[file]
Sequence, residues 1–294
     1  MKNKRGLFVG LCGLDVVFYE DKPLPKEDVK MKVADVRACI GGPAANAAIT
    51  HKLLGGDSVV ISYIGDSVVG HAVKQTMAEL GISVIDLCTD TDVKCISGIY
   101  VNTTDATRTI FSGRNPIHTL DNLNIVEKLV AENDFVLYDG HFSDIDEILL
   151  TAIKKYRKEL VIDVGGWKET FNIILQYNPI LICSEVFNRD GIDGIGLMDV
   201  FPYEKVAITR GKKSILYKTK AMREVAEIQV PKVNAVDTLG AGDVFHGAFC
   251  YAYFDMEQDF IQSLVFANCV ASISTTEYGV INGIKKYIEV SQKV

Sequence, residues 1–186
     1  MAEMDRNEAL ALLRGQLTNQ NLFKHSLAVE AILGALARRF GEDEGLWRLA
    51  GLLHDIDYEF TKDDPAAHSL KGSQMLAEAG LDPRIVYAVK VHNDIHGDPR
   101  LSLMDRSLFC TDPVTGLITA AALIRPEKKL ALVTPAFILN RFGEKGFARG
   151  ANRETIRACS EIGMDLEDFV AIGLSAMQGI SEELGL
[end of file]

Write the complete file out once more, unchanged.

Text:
Sequence, residues 1–294
     1  MKNKRGLFVG LCGLDVVFYE DKPLPKEDVK MKVADVRACI GGPAANAAIT
    51  HKLLGGDSVV ISYIGDSVVG HAVKQTMAEL GISVIDLCTD TDVKCISGIY
   101  VNTTDATRTI FSGRNPIHTL DNLNIVEKLV AENDFVLYDG HFSDIDEILL
   151  TAIKKYRKEL VIDVGGWKET FNIILQYNPI LICSEVFNRD GIDGIGLMDV
   201  FPYEKVAITR GKKSILYKTK AMREVAEIQV PKVNAVDTLG AGDVFHGAFC
   251  YAYFDMEQDF IQSLVFANCV ASISTTEYGV INGIKKYIEV SQKV

Sequence, residues 1–186
     1  MAEMDRNEAL ALLRGQLTNQ NLFKHSLAVE AILGALARRF GEDEGLWRLA
    51  GLLHDIDYEF TKDDPAAHSL KGSQMLAEAG LDPRIVYAVK VHNDIHGDPR
   101  LSLMDRSLFC TDPVTGLITA AALIRPEKKL ALVTPAFILN RFGEKGFARG
   151  ANRETIRACS EIGMDLEDFV AIGLSAMQGI SEELGL